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Report on Sheveluch (Russia) — August 1987

Scientific Event Alert Network Bulletin, vol. 12, no. 8 (August 1987)
Managing Editor: Lindsay McClelland.

Sheveluch (Russia) Ash plumes and base surges from extrusive dome

Please cite this report as:

Global Volcanism Program, 1987. Report on Sheveluch (Russia). In: McClelland, L. (ed.), Scientific Event Alert Network Bulletin, 12:8. Smithsonian Institution. https://doi.org/10.5479/si.GVP.SEAN198708-300270.

Volcano Profile |  Complete Bulletin


Sheveluch

Russia

56.653°N, 161.36°E; summit elev. 3283 m

All times are local (unless otherwise noted)


Gas and ash plumes from the extrusive dome were sighted more frequently in 1987. Four or five plumes were seen each month March-June and 6 in July. Seismic activity also intensified and each explosion was accompanied by volcanic tremor. Vertical columnar ash plumes with a maximum height of 5 km were often accompanied by base surges that extended 300 m. Explosion products included ash and andesitic sand-sized tephra with rare blocks as large as 1 m.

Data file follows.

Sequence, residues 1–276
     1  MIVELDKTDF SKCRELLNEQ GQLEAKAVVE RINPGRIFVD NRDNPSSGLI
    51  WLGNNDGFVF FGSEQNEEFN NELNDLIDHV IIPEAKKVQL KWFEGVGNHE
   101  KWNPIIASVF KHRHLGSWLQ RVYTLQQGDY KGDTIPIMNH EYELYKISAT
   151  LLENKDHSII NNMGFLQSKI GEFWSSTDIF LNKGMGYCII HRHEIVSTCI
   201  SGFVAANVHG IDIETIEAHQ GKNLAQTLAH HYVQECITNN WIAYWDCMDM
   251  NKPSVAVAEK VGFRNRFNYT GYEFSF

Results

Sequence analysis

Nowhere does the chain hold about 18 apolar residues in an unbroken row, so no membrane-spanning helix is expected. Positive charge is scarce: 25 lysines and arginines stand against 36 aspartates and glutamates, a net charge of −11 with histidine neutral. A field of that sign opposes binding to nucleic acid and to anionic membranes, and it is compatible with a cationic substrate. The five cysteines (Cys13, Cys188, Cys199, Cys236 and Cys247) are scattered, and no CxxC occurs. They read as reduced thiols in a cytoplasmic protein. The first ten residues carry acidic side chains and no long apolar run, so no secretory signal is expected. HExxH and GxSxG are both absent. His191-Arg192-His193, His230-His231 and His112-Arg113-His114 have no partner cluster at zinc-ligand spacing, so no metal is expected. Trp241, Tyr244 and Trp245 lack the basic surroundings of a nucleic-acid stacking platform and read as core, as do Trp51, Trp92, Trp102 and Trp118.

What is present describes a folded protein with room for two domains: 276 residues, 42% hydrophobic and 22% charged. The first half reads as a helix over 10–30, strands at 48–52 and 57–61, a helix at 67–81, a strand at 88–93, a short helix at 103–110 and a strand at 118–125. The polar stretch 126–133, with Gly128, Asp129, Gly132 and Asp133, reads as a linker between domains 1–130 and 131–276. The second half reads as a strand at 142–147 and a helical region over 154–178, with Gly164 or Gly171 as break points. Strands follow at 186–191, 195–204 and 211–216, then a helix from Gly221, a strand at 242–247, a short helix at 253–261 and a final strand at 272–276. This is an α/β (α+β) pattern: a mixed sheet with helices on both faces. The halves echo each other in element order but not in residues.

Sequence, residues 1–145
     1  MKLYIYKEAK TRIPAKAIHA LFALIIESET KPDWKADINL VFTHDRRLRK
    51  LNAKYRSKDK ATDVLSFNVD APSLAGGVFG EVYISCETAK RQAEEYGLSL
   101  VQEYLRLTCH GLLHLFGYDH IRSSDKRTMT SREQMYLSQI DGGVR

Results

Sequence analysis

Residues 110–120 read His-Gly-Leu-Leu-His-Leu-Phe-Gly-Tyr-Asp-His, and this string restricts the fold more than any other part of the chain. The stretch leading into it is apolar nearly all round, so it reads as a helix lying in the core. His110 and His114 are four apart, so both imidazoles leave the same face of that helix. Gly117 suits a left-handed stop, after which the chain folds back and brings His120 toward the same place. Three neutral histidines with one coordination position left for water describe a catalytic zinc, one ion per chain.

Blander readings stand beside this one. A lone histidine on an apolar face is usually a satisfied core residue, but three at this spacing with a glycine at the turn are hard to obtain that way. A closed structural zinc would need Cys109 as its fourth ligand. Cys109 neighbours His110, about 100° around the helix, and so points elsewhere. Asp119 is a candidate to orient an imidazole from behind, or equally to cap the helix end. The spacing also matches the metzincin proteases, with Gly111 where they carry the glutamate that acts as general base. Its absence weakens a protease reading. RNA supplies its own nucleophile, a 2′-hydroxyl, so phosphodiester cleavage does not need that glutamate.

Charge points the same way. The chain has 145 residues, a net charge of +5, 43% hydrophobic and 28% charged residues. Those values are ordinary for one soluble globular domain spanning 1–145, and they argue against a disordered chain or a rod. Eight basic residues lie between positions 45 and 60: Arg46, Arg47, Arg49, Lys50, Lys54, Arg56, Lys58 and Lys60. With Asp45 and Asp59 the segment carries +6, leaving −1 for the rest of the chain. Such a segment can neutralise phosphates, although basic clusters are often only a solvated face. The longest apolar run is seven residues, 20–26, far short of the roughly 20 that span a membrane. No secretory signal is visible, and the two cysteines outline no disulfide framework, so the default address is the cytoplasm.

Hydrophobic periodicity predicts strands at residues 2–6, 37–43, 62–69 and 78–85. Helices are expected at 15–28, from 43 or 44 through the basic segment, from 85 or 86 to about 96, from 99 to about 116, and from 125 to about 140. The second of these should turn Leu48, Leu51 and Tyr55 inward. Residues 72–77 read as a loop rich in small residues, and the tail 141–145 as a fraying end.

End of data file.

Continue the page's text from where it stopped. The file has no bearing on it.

Geologic Background. The high, isolated massif of Sheveluch volcano (also spelled Shiveluch) rises above the lowlands NNE of the Kliuchevskaya volcano group. The 1300 km3 volcano is one of Kamchatka's largest and most active volcanic structures. The summit of roughly 65,000-year-old Stary Shiveluch is truncated by a broad 9-km-wide late-Pleistocene caldera breached to the south. Many lava domes dot its outer flanks. The Molodoy Shiveluch lava dome complex was constructed during the Holocene within the large horseshoe-shaped caldera; Holocene lava dome extrusion also took place on the flanks of Stary Shiveluch. At least 60 large eruptions have occurred during the Holocene, making it the most vigorous andesitic volcano of the Kuril-Kamchatka arc. Widespread tephra layers from these eruptions have provided valuable time markers for dating volcanic events in Kamchatka. Frequent collapses of dome complexes, most recently in 1964, have produced debris avalanches whose deposits cover much of the floor of the breached caldera.

Information Contacts: G. Bogoyavlenskaya and V. Beloussov, IV.